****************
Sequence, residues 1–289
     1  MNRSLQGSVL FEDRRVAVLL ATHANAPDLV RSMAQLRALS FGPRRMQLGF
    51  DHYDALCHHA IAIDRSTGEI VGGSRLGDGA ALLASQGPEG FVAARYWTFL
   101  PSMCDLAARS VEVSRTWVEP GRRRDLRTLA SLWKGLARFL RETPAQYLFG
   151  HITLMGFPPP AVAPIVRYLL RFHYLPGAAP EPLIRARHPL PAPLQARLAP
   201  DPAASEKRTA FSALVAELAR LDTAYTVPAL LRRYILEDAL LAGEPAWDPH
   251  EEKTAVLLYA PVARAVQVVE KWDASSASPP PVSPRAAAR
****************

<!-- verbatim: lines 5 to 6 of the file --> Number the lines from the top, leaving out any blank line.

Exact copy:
   151  HITLMGFPPP AVAPIVRYLL RFHYLPGAAP EPLIRARHPL PAPLQARLAP
   201  DPAASEKRTA FSALVAELAR LDTAYTVPAL LRRYILEDAL LAGEPAWDPH